But the combination of dirt-cheap solar, the cell-phone revolution, and mobile phone banking has changed everything. There are almost 600 million cell-phone customers without electricity – using their phones very little, still spending $10 billion to charge them in town. There are hundreds of thousands of rural, off-grid cell towers powered by diesel – at a price of about $0.70/kilowatt hour. All over the world cell-phone towers are being converted from diesel to hybrid renewable power sources. So cell phone companies have a powerful motivation to get renewable power into rural areas, to get electricity to their customers, and to charge for electricity through their mobile phone payment systems.
At least three commercial models have been launched in the last several months. India’s Simpa Networks – in partnership with SELCO in India and DT-Power in Ghana, India, and Kenya – are testing models in which solar distributors can allow customers to pay for electricity through mobile banking “pay as you go” plans.
Zimbabwe’s Econet Power has launched an even more intriguing model, in which it provides its cell-phone customers with solar power as a customer benefit, charging them only $1 week to use a home solar system provided by Econet, with the bills tied to the customer’s cell phone account.
UN Secretary General Ban Ki-moon has proclaimed 2012 the Year of Universal Energy Access. His initiative is keyed not to the UN climate talks, but to the Rio +20 Earth Summit talks scheduled for June.
Imagine that at Rio, instead of embracing business-as-usual solutions to energy access, the world decided to empower the poor with the electricity they can truly afford – distributed solar?
What would the benefits be? In carbon terms alone, kerosene for lighting emits almost as much greenhouse-gas pollution as the entire British economy. 1.5 million lives a year would be saved from respiratory ailments. The available income for the world’s poorest fifth would be increased by 25 to 30 percent – a pretty big development bang-for-the-buck. Numerous studies have shown that providing basic energy access increases household income by 50 percent or more by providing more time and opportunities for home-based income generation.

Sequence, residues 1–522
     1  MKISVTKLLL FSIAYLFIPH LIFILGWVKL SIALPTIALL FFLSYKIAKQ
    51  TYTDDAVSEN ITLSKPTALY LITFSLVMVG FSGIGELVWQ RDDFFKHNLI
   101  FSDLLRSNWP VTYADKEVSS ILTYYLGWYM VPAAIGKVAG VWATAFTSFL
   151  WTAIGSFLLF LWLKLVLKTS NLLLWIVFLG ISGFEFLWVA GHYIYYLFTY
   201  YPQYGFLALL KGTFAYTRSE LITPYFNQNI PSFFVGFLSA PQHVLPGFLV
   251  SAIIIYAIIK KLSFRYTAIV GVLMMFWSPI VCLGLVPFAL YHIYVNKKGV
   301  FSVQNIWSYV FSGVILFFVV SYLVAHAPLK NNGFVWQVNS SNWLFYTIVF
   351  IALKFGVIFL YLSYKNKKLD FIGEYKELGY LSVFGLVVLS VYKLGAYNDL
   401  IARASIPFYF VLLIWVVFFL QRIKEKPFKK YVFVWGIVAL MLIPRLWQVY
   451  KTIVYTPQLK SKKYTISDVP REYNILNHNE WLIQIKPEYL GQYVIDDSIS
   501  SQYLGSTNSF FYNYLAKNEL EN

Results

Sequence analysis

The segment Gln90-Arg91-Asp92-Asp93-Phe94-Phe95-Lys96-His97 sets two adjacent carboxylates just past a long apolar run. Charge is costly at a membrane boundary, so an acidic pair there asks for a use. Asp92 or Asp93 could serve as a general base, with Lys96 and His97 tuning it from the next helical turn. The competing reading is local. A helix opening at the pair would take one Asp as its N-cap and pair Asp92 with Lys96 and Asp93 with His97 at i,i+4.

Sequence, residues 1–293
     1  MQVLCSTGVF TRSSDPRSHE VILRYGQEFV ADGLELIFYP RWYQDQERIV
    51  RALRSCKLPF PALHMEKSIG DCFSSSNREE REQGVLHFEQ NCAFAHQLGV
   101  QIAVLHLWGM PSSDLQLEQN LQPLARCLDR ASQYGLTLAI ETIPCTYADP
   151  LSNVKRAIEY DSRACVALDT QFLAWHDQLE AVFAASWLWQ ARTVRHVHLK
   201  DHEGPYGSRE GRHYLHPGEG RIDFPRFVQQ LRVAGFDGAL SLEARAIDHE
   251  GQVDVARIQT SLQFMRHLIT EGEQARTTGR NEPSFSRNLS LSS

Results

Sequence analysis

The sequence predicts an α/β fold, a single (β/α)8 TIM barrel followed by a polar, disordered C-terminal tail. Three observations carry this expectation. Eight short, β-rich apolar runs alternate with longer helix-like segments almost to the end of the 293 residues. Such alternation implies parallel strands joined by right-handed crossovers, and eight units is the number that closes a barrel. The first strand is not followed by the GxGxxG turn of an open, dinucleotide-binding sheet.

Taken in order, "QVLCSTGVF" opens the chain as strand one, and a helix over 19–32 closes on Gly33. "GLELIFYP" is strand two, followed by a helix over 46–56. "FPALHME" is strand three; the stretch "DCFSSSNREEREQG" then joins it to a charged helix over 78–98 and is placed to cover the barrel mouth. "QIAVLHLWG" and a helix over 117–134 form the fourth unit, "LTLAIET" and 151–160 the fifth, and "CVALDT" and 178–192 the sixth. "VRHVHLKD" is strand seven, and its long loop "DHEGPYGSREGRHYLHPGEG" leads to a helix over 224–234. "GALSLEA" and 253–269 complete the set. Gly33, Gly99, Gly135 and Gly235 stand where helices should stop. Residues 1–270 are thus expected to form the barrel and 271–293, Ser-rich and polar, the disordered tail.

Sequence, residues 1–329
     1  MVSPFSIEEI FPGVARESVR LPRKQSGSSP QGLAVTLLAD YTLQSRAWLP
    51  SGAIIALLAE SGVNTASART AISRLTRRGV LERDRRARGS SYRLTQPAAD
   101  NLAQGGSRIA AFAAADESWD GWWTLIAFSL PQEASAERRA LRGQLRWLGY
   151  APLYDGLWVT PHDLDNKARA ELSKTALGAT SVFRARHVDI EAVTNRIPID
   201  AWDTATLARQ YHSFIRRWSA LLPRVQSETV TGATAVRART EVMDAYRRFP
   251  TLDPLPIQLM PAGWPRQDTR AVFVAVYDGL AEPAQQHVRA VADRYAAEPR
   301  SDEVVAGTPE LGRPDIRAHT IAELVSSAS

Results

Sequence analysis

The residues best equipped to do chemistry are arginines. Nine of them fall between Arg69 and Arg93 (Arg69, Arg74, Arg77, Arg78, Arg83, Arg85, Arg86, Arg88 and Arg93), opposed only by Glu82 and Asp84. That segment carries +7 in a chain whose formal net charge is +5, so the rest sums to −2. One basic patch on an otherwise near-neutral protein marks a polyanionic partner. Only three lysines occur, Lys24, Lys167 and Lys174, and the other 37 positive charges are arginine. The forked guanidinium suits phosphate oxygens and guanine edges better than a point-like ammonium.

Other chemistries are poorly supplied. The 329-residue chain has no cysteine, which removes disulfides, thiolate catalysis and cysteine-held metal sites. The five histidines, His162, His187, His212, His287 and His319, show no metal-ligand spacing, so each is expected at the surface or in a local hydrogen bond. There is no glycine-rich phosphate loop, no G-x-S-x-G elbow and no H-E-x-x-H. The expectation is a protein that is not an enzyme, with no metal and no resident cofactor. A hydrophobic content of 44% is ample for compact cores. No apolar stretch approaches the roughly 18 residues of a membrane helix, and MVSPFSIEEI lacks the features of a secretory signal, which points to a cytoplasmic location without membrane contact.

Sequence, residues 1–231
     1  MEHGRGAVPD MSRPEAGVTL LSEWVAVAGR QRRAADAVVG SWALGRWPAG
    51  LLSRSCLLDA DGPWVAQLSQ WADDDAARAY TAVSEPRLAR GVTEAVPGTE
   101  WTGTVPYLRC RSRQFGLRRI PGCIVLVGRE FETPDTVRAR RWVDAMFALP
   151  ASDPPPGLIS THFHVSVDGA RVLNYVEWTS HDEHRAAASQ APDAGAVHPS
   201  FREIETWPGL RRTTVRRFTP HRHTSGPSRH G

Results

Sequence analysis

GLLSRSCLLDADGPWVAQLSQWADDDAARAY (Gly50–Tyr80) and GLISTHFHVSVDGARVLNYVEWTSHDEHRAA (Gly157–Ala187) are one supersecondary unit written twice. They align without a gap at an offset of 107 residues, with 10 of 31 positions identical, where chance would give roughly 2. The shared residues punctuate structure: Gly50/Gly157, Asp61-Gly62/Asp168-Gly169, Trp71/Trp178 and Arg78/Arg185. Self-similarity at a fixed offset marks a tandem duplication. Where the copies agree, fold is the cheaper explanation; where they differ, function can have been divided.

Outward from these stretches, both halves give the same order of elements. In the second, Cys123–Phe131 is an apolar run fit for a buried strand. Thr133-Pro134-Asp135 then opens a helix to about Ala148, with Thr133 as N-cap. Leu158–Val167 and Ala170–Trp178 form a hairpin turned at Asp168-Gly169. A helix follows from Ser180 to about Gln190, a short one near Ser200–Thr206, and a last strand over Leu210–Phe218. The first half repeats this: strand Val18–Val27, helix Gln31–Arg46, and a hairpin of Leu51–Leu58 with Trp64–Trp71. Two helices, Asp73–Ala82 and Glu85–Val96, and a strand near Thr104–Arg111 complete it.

But the leverage is actually much greater. If one-fifth of the world is on solar, as these people prosper and can afford more electricity, they are going to expand solar systems, rather than turning to coal or nuclear. Their neighbors include the one-third of humanity with “spasmodic” electricity – wires that in rural areas work only at night, and in urban areas go down in the afternoon. These customers would find distributed solar far more reliable than the current grid. If we add those 2 billion to the 1.2 billion who are not on the grid, virtually half of humanity could be turning to renewable power as the cheapest, most reliable and most available form of energy. The fossil fuel interests would lose completely their current moral argument – that more carbon will power the poor.
That, I would argue is a phenomenal game-changer – and a powerful first step in building a trusting, low-carbon coalition of rich and poor nations. And that coalition could lay the groundwork for the more challenging global efforts that will be needed to stabilize and eventually restore the climate.